Mrs. Kretach was permitted to take his
son to her home following the death
of Mra. Marie Rentsch, last February.
It la aald that Rentach recently remar
rled and that Mra. Kretsch refuse* to
give up th* child. The defendant. It Is
understood, la prepared to contest
Itentsch's attempt to gain the custody of
hts child
The plaintiff contends that the defend
ant has no legal right to the custody
of hi* son. Mrs. Krets-h will be required
to produce the child in court.
New State Auditor
and Tax Man on Job
Two new State offcials today assumed
their official duties In the Stntehouse.
They are (Vllllam G. Oliver, auditor of
State, and John O. Brown, State tax com
missioner, who aucreeds 8. N. Cragua
us a member of the State Tax Board.
Mr. ((liver's first nffeial act was as a
member of the State Board of Finance,
which sot Jan. 3. 1921, ns the dnte for
selection of depositaries for State funds,
j Formal notice for applications will be
scut out within n few day*. It was an
j uounced and In (he meantime, applica
j tions will be received, action on which
will be taken nt the meeting of the board
j on Jan. 3.
Mr. Brown was officially "initiated”
into his office by sitting in a number
I of conferences between the tax board and
; delegation# of taxpayers from various
• cities of the State,
i
Receiver Is Named
for ‘Black* Ponzi’
Judge T. J. Moll of Superior Court.
Room 5, today, following an agreement
of counsel, appointed Carl Schocnemann
as receiver for Samutl G. Bullup, negro, i
who has been called the “black Ponzi.” .
The receiver gave bond In the sum of
$2,500 which wa* approved by the court.
The receivership was asked In a pe
tition filed yesterday by Robert A.
Woodard, who claims that be has an un
satisfied Justice of the peace judgment
against Bullup for $75.
Bullup is now in Jail, the court was
informed.
JUDGES BEGIN SEVENTH YEAR.
Judge Vincent Clifford of Superior
Court, room 4, and T. J. Moll of Su
perior Court, room 5, today begun the
seventh year of their Judgeships. Both
took the bench on Dec. 1, 1914.
FEDERAL TAX jMfe.
mM SPECIALISTS 4, Ip
ImM ACCOUNTING . Ifci
JIkSS COST ENGINEERING VI
AW** APPRAISALS
Chas P. Doney E. Rogers.
DONEY-ROGERS CO. Inc.
BTH FLOOR HUME-MANSUR BLDG.
Bell I’hone. MiUn 6416. ESTABLISHED 1917. Automatic 23-144.
SERVICE
Have you tried it?
We told you something about it last week. Better Pas
senger and Freight Service to points reached by traction lines
than given by any other means of Transportation.
Seventeen trains via Anderson and fourteen trains via
Newcastle for Muncie. Seven through trains to Ft. Wayne.
Sixteen trains to Kokomo. Two through trains to Ft. Wayne
and one through train to Goshen via Peru daily. All limited
trains connecting at. junction points for all cities and towns
in the Gas Belt, northern and northwestern part of the state—
Michigan and Ohio.
“Aeroplane” Freight to Ft. Wayne seven hours, Toledo
fourteen hours. “Cannon Ball” Freight to South Bend, four
teen hours; St. Joseph, Mich., twenty-four hours; Chicago
and Milwaukee, forty-eight to seventy-two hours.
Local freight to all points daily except Sunday. “Express
Freight” on all passenger trains. “Stack it up” against any
thing else. Try it.
Talk to the local agent or write Traffic Department, Ander
son, Ind.
UNION TRACTION COMPANY OF INDIANA
GARDENERS ASK
IMPROVED ROADS
(Continued FTom Page One.)
gardeners use this road in getting their
produce into the city.
The communication of the Farmers'
Federation bore the names of William J.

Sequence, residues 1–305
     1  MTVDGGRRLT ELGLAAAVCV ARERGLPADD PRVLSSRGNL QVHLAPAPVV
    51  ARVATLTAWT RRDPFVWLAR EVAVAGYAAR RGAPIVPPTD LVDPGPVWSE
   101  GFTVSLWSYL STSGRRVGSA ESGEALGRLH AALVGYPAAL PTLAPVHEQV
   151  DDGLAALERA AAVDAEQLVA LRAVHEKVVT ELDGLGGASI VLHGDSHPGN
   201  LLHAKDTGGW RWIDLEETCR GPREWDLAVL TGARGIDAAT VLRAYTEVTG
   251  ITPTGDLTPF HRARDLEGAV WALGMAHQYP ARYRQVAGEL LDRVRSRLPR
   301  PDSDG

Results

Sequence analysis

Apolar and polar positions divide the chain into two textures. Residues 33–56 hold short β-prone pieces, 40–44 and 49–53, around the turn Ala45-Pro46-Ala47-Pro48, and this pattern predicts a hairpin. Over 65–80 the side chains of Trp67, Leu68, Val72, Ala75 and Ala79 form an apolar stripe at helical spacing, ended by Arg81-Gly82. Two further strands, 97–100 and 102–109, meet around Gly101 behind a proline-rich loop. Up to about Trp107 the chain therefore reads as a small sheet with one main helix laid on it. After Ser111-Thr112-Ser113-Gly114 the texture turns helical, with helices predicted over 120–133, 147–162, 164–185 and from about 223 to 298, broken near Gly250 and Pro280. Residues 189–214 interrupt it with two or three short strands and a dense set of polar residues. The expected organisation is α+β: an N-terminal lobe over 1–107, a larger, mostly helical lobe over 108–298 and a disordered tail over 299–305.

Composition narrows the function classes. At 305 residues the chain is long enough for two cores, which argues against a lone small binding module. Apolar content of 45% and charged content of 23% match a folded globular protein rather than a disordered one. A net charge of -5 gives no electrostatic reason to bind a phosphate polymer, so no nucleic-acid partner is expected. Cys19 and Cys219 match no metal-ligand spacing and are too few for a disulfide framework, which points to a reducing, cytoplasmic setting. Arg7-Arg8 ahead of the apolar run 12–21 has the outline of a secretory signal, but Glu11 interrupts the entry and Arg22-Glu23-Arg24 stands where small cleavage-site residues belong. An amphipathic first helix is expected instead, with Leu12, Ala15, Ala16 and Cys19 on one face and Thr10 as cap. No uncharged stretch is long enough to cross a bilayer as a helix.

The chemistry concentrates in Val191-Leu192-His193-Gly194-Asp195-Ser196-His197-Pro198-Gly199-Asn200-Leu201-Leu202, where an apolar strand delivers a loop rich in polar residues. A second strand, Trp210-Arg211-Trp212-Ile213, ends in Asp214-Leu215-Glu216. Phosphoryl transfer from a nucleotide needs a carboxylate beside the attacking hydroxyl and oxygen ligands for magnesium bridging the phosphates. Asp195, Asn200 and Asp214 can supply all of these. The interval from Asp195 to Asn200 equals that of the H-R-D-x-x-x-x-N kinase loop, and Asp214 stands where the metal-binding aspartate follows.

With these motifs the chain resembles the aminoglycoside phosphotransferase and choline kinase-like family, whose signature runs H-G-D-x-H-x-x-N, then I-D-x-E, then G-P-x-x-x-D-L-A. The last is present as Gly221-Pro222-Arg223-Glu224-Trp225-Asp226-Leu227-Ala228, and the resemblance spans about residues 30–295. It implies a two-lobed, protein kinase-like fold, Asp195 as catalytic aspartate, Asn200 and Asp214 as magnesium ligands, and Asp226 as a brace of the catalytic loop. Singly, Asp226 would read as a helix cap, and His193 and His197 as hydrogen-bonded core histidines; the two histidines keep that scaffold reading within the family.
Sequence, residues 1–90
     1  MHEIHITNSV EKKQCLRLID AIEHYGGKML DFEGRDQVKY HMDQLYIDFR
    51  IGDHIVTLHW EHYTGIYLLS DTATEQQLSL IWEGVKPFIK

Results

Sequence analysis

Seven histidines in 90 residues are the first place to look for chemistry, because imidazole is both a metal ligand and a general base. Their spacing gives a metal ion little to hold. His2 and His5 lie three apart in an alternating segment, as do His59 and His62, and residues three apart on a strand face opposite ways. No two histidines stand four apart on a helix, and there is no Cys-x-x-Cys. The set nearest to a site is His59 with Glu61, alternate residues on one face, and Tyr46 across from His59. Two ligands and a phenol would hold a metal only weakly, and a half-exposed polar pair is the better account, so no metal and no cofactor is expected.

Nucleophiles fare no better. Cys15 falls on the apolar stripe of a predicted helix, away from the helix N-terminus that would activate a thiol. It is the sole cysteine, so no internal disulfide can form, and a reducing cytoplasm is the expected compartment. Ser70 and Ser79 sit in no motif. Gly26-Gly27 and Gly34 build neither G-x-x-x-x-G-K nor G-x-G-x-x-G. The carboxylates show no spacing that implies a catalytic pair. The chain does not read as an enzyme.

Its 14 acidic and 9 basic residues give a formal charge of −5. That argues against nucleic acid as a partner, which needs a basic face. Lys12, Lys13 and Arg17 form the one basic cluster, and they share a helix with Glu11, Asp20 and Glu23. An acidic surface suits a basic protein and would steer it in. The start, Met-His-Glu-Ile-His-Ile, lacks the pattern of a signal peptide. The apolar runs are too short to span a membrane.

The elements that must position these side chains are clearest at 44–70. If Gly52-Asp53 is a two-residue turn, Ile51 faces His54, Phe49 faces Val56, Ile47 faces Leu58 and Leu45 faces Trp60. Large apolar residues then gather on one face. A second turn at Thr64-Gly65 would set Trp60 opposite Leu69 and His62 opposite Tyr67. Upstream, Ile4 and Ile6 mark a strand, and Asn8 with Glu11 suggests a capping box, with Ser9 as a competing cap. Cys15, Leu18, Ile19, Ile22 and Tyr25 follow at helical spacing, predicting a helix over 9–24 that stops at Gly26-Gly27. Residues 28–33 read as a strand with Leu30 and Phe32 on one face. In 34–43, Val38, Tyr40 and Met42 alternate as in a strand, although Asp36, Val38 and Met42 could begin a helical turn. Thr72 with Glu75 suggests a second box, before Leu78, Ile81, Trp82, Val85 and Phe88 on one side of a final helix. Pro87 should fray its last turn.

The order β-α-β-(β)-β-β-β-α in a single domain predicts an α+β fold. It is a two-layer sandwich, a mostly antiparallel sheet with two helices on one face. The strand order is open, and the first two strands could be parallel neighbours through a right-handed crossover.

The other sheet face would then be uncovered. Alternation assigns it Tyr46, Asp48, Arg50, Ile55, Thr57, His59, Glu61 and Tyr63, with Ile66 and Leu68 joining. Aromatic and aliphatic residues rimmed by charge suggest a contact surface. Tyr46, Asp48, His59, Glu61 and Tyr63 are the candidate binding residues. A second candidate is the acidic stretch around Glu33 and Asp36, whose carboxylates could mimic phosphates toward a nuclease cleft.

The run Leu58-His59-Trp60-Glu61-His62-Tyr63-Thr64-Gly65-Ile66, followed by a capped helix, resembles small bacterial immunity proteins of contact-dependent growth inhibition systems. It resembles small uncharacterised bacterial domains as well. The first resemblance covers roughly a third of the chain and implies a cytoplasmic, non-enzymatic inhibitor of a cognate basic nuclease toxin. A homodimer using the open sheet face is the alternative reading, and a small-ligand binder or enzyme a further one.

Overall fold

Fink, as president; Royal L. W. Mc-
Clain, secretary and treasurer, and C. O.
Sutton, J. E. Foltz, Ford Watson. Clar
ence Mills and Albert Neuby, directors.
Sometime ago, the county commission
ers announced that approximately
$1,500,000 would be spent next year in
building new improved roads and com
pleting work on contracts already
granted.
"Moat of these roads are county unit
roads and the city of Indianapolis pays
approximately 90 per cent of those im
provements,” said Mr. George. "We are
now considering lowering the road main
tenance fund from 5 per cent to 3 per cent
because of the money obtained under the
county unit plan.”
Mr. George is unable to see how the
members of the Farmers’ Federation can
suffer from the plan of the commission
ers to allow new contracts under the
county unit plan in 1920 and 1921. He
points out that contracts for improve
ments are allowed on petition of the
property owners and taxpayers.
Commissioners George and Carlin
Shank said they would consider the
communication of the Farmers’ Federa
tion as well ns the application of the
gardeners on the Bluff road. They have
indicated they do not favor changing
the road improvement plana for next
year.
World Publishing Cos.
Files State Papers
Articles of incorporation have been
filed with the Secretary of States by the
Collegiate World Publishing Company of
Indianapolis, with a capital stock of $25,-
000. Directors of the company are J. C.
Hennenberger, Chicago; James (V. Tay
lor and Edward A. Peterson of Indian
apolis.
The name of the Indianapolis Wood
Preserving Company has been changed
to the Indianapolis Chemical Company,
according to papers filed with the Sec
retary of State.
The Buck Company of Indianapolis has
increased its capital stock from $50,000
to $200,000. Officers of the company are
A. W. Buck, president, and E. C. Arnold,
secretary.
Articles of incorporation were filed by
the Clark Specialties Company of Indian
apolis. with a capital stock of SIO,OOO.
The company will engage in the manu
facture of miscellaneous specialties. Di
rectors are Pearl Clark, Zina I. La Dow
and J. W. Busard, ail of Indianapolis.
The Bell Tharp Sales Company has
filed preliminary certificate of dissolution
with the Secretary of State. Directors
of the company were Harry E. Tharp,
Brownsburg; Lonnie R. Tharp and Harry
G. Alexander, both of Indianapolis.
Farmer Wounds, Then
Kills Self With Gun
SIBLEY. lowa. Dec. I.—Thomas Raight,
00. a wealthy farm“r. committed suicide
with a shotgun. When the first charge
failed to reach a vital spot, he reloaded
the gun. The second charge of shot
entered just under his heart.